Psychology: Way Individuals Shape Their Identities
One of the central issues of psychology is identity and the way individuals shape their identities for themselves. People live in different regions all around the globe and are consequently exposed to a distinct type of culture, religion, education, family values and media. These influences instill certain rigid values in people from birth, which configures their self-concept and the way they perceive other individuals in the society they interact with.
In many Western societies, the importance of personal achievement and glory are inculcated in people from early childhood. Hazel Markus and Shinobu Kitayama (1991) observed in a study that the culture in the North America values an identity that is focused on individual motivations, attributes and goals. A sense of self-reliance and independence are considered normal and desirable. Markus and Kitayama (1995) further noticed that most Asians cultures emphasize and identity that is based on conforming to the ideals of the community, religion and family. The importance of collective efforts and association with a group are instilled in Asian cultures. The Japanese and Chinese cultures encourage children to value and cherish collective honors through group work and to be modest about their personal distinctions (Kitayama & Markus, 1992). In other words, Western cultures encourage individuals to strive hard to stand out and develop a distinct image for themselves, whereas Asian cultures expect people to mould their personalities to adjust and blend into norms and practices of the community.
The object of this experiment is to explore how cultures may influence the way one perceives his or her identity. This survey will study whether people from different ethnic backgrounds respond differently to the “Who am I” test. In this study, two groups of people will be given the same questionnaire to answer. One group will consist of white Americans who were born and brought up in the USA. The other group will comprise of international Asian students coming from countries like Japan, Pakistan and India. It is hypothesized that the American group will respond by stating more responses that describe their personal traits than the International group will. It is further hypothesized that the International group will respond predominantly by identifying themselves with their groups such as ethnicity, religion and family, significantly more than Americans will.
The majority of the forty participants (20 white Americans, 20 international Asians) were randomly selected among the Amherst College students. The remainder of the pool of participants extended to the international student community of the Smith and Mount Holyoke Colleges. The participants were undergraduate students ranging from freshmen through seniors, and included both men and women.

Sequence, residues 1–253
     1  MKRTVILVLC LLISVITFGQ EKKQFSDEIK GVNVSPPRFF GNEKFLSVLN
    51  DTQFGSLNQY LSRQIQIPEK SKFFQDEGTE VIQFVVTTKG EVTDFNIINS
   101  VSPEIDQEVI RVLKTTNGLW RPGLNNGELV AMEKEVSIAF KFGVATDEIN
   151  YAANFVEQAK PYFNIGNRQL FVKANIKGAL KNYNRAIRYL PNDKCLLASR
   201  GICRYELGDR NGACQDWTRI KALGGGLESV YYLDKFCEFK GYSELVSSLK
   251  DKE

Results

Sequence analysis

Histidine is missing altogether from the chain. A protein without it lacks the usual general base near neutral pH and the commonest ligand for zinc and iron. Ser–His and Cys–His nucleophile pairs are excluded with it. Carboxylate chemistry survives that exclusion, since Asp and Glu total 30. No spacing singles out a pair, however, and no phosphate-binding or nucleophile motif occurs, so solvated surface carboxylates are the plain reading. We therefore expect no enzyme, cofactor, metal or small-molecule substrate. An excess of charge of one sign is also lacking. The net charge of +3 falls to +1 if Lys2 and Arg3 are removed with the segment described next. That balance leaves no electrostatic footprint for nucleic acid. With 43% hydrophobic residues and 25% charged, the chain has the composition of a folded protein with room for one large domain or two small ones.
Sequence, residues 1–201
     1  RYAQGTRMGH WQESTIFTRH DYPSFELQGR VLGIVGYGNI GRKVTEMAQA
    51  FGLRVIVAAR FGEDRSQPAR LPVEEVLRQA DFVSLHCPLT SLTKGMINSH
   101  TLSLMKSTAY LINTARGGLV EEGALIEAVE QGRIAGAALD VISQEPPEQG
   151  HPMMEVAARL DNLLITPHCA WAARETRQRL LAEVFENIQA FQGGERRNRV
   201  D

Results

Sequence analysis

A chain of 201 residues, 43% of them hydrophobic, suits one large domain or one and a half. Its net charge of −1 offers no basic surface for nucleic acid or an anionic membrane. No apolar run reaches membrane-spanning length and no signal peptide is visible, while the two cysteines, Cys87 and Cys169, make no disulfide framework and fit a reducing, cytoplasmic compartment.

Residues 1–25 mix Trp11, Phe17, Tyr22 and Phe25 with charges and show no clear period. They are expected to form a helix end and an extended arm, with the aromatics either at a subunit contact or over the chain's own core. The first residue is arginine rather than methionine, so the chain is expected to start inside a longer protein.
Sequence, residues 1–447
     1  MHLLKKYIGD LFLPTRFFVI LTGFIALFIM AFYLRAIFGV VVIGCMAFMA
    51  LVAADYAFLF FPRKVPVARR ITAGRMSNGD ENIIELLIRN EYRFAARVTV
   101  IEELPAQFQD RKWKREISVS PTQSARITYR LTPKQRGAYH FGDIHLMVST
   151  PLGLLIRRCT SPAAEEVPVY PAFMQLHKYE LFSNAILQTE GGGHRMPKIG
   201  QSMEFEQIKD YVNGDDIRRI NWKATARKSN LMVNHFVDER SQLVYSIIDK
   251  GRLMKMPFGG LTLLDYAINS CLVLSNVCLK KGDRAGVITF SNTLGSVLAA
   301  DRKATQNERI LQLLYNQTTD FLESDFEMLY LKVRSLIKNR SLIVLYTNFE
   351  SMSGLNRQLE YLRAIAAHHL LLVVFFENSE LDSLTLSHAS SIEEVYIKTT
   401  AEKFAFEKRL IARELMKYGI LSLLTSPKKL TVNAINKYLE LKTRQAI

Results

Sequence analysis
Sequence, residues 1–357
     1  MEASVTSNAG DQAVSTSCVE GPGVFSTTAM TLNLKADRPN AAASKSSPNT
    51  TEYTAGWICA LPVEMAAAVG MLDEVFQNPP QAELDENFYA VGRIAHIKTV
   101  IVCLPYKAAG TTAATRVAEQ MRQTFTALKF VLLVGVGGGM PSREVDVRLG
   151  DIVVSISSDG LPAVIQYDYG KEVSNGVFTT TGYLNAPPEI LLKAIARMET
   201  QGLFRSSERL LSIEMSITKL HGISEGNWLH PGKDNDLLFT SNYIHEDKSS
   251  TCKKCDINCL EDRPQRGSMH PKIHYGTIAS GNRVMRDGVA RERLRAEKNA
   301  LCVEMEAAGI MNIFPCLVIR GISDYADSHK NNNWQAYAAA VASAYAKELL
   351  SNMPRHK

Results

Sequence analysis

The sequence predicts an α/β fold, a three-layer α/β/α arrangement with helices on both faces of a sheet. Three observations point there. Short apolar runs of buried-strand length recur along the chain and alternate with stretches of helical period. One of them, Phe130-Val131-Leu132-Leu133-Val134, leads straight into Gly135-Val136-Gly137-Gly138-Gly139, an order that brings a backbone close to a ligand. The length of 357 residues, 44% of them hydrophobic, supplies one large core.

Twenty questionnaires were handed out to the Asian students at the Five-College International Students Association meeting in the Campus Center. The other twenty questionnaires were distributed among the white Americans in the social dormitories of Amherst College.
The participants were instructed to read the questionnaire carefully and respond with five statements describing their identity. In this manner, a total of two hundred statements were collected from all forty participants. The responses were watchfully divided into two sections. The first section was for “personal identity responses,” such as self-focused words (e.g. smart, funny, attractive, student, good driver). The second section was for “group identity responses,” such as relationship-focused words (e.g. brother, sister, friend, Christian, Japanese).
The independent variable used in this experiment is the cultural identity of the participants while the dependent variable is the response to the question posed. In this way, percentage of “self” responses and percentage of “group” responses for each group of participants was obtained. If the hypothesis is true, then there will be a significantly higher percentage of personal identity responses from white Americans than from International Asians. Correspondingly, there will be a significantly higher percentage of group identity responses from International Asians than from white Americans.
The following results were obtained for the questionnaire consisting of the “Who am I” test.
White Americans International Asians
Personal Identity Response 74% 33%
Group Identity Response 26% 67%
It can be observed from the data and the graphical representation that the participants in the two groups responded very differently to the questionnaire. 74-percent of the responses made by the white Americans were self-oriented compared with only 33-percent of self-focused responses collected from International